Certain phenolic compounds represent a distinct class of Photosystem (PS) II QB site inhibitors. In this paper, we report a detailed study of the effects of 2,4,6-trinitrophenol (TNP) and other phenolic inhibitors, bromoxynil and dinoseb, on PS II energetics. In intact PS II, phenolic inhibitors bound to only 90–95% of QB sites even at saturating concentrations. The remaining PS II reaction centers (5–10%) showed modified QA to QB electron transfer but were sensitive to urea/triazine inhibitors. The binding of phenolic inhibitors was 30- to 300-fold slower than the urea/triazine class of QB site inhibitors, DCMU and atrazine. In the sensitive centers, the S2QA state was 10-fold less stable in the presence of phenolic inhibitors than the urea/triazine herbicides. In addition, the binding affinity of phenolic herbicides was decreased 10-fold in the S2QA state than the S1QA state. However, removal of the oxygen-evolving complex (OEC) and associated extrinsic polypeptides by hydroxylamine (HA) washing abolished the slow binding kinetics as well as the destabilizing effects on the charge-separated state. The S2-multiline electron paramagnetic resonance (EPR) signal and the ‘split’ EPR signal, originating from the S2YZ state showed no significant changes upon binding of phenolic inhibitors at the QB site. We thus propose a working model where QA redox potential is lowered by short-range conformational changes induced by phenolic inhibitor binding at the QB niche. Long-range effects of HA-washing eliminate this interaction, possibly by allowing more flexibility in the QB site.
Keywords: Conformational change; Phenolic inhibitor; QA redox potential; Manganese cluster; Electron paramagnetic resonance; Redox-active tyrosine;

A reduced model of the fluorescence from the cyanobacterial photosynthetic apparatus designed for the in situ detection of cyanobacteria by M. Beutler; K.H. Wiltshire; M. Arp; J. Kruse; C. Reineke; C. Moldaenke; U.-P. Hansen (33-46).
Fluorometric determination of the chlorophyll (Chl) content of cyanobacteria is impeded by the unique structure of their photosynthetic apparatus, i.e., the phycobilisomes (PBSs) in the light-harvesting antennae. The problems are caused by the variations in the ratio of the pigment PC to Chl a resulting from adaptation to varying environmental conditions. In order to include cyanobacteria in fluorometric analysis of algae, a simplified energy distribution model describing energy pathways in the cyanobacterial photosynthetic apparatus was conceptualized. Two sets of mathematical equations were derived from this model and tested. Fluorescence of cyanobacteria was measured with a new fluorometer at seven excitation wavelength ranges and at three detection channels (650, 685 and 720 nm) in vivo. By employing a new fit procedure, we were able to correct for variations in the cyanobacterial fluorescence excitation spectra and to account for other phytoplankton signals. The effect of energy-state transitions on the PC fluorescence emission of PBSs was documented. The additional use of the PC fluorescence signal in combination with our recently developed mathematical approach for phytoplankton analysis based on Chl fluorescence spectroscopy allows a more detailed study of cyanobacteria and other phytoplankton in vivo and in situ.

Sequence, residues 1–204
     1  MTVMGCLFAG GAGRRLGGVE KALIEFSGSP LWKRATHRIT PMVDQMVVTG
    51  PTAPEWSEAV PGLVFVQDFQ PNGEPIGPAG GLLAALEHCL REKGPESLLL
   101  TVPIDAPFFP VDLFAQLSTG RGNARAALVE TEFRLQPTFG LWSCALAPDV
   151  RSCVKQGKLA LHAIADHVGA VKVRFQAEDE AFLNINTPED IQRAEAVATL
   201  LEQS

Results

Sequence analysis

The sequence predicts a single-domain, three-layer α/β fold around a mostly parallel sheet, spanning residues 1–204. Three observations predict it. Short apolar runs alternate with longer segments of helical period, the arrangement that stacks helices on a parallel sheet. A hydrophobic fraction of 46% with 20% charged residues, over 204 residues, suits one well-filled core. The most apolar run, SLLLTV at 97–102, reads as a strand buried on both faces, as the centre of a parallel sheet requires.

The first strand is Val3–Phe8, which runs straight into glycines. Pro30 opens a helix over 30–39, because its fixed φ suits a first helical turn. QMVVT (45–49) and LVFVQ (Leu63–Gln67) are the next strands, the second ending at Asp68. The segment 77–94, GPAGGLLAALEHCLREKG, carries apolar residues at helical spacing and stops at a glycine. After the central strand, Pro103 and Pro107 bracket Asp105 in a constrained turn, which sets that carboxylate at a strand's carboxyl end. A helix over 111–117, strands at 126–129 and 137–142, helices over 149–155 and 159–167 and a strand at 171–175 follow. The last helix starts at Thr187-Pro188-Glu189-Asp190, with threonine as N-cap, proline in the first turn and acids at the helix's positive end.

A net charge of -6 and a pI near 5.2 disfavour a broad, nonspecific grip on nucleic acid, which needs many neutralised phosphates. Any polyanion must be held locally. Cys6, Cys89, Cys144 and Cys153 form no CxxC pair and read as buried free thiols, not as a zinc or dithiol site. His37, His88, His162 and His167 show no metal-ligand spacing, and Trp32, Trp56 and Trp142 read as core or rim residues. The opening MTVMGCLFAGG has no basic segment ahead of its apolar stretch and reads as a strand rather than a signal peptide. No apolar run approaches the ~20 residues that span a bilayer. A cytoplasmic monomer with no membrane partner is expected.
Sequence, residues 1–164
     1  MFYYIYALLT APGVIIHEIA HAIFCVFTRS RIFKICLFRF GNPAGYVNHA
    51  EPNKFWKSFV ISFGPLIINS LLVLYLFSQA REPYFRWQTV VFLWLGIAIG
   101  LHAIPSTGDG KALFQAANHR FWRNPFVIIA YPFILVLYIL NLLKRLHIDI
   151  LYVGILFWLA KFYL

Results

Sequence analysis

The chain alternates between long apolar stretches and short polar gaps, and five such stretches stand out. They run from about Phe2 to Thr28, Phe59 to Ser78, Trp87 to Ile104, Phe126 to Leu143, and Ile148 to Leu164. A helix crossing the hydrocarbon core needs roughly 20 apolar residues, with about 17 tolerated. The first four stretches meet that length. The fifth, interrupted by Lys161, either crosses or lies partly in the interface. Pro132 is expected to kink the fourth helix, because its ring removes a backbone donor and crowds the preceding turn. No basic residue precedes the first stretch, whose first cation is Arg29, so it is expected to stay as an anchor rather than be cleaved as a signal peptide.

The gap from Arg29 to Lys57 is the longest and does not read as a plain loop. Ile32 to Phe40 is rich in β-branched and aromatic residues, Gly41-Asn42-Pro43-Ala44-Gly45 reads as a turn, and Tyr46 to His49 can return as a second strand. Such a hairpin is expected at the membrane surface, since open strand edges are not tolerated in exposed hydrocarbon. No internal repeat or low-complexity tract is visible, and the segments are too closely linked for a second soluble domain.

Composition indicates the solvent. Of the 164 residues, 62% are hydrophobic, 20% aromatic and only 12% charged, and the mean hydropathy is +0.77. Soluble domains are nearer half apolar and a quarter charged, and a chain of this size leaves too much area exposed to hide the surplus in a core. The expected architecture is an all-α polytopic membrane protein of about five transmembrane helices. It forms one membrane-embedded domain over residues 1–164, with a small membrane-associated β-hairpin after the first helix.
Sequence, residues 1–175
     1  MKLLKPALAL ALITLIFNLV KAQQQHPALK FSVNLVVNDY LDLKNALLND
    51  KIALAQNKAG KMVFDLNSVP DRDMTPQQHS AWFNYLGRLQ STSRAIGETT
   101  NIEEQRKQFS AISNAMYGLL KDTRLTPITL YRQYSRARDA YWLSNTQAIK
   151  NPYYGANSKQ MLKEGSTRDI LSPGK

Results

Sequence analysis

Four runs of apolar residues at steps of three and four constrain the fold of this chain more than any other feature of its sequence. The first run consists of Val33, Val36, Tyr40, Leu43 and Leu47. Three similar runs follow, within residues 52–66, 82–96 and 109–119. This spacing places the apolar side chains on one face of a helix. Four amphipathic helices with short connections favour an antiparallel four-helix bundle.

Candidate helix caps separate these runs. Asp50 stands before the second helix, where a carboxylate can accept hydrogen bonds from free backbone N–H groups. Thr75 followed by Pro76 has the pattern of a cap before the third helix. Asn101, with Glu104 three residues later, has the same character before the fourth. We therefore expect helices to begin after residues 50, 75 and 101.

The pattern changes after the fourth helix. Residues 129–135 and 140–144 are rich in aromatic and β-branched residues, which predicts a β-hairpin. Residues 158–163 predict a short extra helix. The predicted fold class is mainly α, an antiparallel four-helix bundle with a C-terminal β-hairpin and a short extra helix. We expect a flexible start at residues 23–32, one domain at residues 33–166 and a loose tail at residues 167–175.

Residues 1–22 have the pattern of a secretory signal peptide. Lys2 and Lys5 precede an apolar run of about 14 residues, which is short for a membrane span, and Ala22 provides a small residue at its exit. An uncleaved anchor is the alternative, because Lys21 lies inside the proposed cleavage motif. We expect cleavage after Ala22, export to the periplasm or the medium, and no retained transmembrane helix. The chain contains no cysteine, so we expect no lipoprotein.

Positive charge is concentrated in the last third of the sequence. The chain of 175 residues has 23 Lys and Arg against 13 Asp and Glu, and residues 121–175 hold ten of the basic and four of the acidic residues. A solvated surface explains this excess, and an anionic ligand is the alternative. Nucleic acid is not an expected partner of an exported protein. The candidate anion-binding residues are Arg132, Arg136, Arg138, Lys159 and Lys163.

Keywords: Phycobilisome; Energy distribution model; Phycocyanin; Cyanobacteria; Fluorescence; Phytoplankton;

The heme domain of cellobiose oxidoreductase: a one-electron reducing system by Maria G Mason; Peter Nicholls; Christina Divne; B.Martin Hallberg; Gunnar Henriksson; Michael T Wilson (47-54).
Phanerochaete chrysosporium cellobiose oxidoreductase (CBOR) comprises two redox domains, one containing flavin adenine dinucleotide (FAD) and the other protoheme. It reduces both two-electron acceptors, including molecular oxygen, and one-electron acceptors, including transition metal complexes and cytochrome c. If the latter reacts with the flavin, the reduced heme b acts merely as a redox buffer, but if with the b heme, enzyme action involves a true electron transfer chain. Intact CBOR fully reduced with cellobiose, CBOR partially reduced by ascorbate, and isolated ascorbate-reduced heme domain, all transfer electrons at similar rates to cytochrome c. Reduction of cationic one-electron acceptors via the heme group supports an electron transfer chain model. Analogous reactions with natural one-electron acceptors can promote Fenton chemistry, which may explain evolutionary retention of the heme domain and the enzyme's unique character among secreted sugar dehydrogenases.
Keywords: Cellobiose; Cellobiose dehydrogenase; Heme domain; Ascorbate; Cellobiose oxidoreductase; Cytochrome c; Heme b; Electron transfer; Lignin; Phanerochaete chrysosporium;